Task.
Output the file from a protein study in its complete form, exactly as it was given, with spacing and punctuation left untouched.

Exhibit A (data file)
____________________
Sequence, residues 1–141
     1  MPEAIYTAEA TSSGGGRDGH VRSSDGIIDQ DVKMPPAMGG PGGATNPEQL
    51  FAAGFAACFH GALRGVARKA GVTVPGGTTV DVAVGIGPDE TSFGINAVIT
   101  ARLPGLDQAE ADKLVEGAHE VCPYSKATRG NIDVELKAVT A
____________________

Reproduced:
Sequence, residues 1–141
     1  MPEAIYTAEA TSSGGGRDGH VRSSDGIIDQ DVKMPPAMGG PGGATNPEQL
    51  FAAGFAACFH GALRGVARKA GVTVPGGTTV DVAVGIGPDE TSFGINAVIT
   101  ARLPGLDQAE ADKLVEGAHE VCPYSKATRG NIDVELKAVT A